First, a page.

Oct 31, 2016 | By Tess

A team of researchers from the Northwest Nazarene University in Idaho will soon see their 3D printed satellite launched into space. The satellite, called MakerSat, is Idaho’s first, and is the result of two-and-a-half years of hard work on the part of students and professors from the university. NASA plans to launch the 3D printed satellite on March 16, 2017.

MakerSat, which measures only about 10×10×11.35 cm, falls into the category of CubeSat satellites: a type of small cube-shaped satellite that is used for space research. The small device, which in the case of the Northwest Nazarene team was made using 3D printed components, will help NASA to gather research and data on how well 3D printed materials and parts fare in outer space. Once launched, the tiny MakerSat satellite will orbit the Earth at a speed of 17,000 miles per hour, meaning it will make a full orbit once every 100 minutes.

The research team, which is composed of four students and two professors, were chosen by NASA to help design and build the 3D printed satellite. Initially, the project was supposed to launch in 2018, but NASA moved the date forward by a full year after seeing the progress made by the researchers at an aerospace conference. MakerSat is currently expected to be launched into space alongside the NOAA satellite in March 2017.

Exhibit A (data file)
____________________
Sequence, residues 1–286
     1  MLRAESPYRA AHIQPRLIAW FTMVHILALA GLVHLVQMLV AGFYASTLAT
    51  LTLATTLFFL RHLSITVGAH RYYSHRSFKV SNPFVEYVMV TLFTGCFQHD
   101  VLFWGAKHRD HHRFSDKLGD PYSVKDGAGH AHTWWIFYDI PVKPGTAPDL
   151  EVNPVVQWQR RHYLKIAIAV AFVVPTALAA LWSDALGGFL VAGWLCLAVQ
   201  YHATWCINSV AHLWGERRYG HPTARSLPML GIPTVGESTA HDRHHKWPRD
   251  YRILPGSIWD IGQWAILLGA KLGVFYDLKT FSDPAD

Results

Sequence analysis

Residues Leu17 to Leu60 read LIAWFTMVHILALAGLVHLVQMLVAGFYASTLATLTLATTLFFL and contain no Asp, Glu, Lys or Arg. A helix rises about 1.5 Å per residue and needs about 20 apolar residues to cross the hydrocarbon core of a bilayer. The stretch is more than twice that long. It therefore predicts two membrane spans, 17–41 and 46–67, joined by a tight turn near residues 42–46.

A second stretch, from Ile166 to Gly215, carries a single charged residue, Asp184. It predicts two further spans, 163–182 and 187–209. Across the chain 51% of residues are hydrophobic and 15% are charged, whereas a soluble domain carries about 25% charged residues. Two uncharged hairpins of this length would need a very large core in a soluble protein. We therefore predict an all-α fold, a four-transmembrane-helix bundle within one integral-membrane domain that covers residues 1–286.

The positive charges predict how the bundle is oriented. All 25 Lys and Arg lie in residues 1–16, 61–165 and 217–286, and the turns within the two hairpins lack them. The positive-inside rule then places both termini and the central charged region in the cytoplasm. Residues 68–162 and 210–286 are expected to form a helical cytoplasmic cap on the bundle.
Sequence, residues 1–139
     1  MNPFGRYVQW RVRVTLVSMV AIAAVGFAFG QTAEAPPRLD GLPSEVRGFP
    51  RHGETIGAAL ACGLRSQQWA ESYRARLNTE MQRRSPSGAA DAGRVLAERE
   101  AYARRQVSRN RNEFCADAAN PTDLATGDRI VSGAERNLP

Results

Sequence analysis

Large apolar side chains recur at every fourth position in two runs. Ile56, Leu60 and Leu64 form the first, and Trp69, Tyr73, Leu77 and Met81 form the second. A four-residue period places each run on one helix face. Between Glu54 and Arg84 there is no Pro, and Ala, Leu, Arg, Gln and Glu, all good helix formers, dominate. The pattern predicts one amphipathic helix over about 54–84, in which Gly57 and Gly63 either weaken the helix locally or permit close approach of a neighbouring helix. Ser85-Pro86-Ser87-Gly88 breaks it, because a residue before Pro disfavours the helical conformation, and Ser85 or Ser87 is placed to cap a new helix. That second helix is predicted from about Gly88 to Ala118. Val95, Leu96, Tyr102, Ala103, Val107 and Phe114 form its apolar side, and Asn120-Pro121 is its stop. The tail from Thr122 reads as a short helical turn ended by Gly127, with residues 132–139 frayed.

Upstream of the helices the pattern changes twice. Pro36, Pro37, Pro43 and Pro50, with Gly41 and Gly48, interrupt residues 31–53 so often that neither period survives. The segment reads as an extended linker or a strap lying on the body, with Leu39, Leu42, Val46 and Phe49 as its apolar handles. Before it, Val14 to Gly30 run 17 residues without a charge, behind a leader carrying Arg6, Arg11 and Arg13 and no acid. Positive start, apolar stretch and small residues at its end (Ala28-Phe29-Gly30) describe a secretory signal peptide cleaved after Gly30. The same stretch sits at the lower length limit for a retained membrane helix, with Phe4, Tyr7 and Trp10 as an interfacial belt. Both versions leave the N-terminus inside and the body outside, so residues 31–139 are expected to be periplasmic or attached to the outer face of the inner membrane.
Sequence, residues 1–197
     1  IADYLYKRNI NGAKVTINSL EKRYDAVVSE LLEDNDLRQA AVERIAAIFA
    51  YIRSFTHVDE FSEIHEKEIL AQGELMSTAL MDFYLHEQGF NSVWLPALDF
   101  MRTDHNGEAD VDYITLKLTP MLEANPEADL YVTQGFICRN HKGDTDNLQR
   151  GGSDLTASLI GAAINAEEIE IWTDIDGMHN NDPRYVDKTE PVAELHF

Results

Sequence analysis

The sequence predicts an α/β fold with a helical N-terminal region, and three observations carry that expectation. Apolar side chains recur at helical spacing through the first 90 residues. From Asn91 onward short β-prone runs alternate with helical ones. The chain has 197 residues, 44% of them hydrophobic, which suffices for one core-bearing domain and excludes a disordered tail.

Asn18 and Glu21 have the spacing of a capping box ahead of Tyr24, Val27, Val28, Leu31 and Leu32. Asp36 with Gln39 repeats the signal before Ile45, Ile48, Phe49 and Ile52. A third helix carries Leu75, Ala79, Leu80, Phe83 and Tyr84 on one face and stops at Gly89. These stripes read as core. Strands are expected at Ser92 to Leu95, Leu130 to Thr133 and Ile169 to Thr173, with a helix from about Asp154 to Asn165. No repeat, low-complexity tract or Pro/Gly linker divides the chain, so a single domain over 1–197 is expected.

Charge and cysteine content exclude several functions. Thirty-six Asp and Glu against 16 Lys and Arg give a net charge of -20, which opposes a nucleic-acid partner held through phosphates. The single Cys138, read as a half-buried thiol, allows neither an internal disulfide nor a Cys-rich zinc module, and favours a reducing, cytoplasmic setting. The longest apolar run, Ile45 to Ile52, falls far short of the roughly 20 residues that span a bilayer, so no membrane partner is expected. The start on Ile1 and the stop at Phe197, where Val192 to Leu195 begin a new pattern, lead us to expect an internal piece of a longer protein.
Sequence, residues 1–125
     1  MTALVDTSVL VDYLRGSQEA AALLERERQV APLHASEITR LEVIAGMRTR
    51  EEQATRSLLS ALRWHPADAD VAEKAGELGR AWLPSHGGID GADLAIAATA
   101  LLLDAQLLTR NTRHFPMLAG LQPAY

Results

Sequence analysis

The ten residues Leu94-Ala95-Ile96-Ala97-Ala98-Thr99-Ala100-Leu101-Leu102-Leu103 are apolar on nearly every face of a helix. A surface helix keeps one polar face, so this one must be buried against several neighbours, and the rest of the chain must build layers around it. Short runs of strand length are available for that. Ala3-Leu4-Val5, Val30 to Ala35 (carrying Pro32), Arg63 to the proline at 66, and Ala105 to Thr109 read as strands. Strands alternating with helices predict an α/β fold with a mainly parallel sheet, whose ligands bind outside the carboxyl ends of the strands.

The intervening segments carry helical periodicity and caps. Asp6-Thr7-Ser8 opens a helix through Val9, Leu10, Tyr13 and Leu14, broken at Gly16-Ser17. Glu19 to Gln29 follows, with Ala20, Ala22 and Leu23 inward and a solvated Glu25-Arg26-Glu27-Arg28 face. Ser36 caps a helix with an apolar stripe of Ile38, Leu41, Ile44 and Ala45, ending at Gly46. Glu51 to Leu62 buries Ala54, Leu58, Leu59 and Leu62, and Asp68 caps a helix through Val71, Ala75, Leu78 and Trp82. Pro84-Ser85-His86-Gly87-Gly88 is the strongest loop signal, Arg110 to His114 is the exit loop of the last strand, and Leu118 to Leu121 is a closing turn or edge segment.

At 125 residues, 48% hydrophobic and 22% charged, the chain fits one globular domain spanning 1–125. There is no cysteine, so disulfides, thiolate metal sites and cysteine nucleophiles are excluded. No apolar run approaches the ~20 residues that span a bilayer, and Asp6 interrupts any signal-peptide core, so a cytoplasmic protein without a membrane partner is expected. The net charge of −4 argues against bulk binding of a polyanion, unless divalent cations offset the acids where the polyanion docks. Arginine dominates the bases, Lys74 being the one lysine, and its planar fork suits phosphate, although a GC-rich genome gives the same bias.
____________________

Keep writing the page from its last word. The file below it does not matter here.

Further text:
The 3D printed MakerSat is yet another helpful step in the integration of 3D printing in space, as its findings will allow NASA to better understand how 3D printing can be used in space. Among the listed mission objectives for MakerSat are to “demonstrate space additive manufacturing and assembly on the ISS”, multi-user, multi-project satellite architecture, to determine how and at what rate 3D printed polymers (like ABS, ULTEM and Nylon) decay in outer space, and to capture images of the Earth. In line with these goals, the researchers have also set out to offer a more time and cost effective way to manufacture a CubeSat.

Ultimately, the team of researchers is hoping to contribute to NASA’s eventual goal of 3D printing a structure or even a spacecraft within space. Once launched, the MakerSat 3D printed satellite will orbit the Earth for roughly ten years. If all goes well with its launch, the Northwest Nazarene team will continue to develop its satellite and work on its next iteration the MakerSat 1, which will be designed to be printed and assembled on the ISS using their Additive Manufacturing Facility (AMF).

Come March 2017, we’ll be eager to see how the launch of the MakerSat goes.



Posted in 3D Printing Applications



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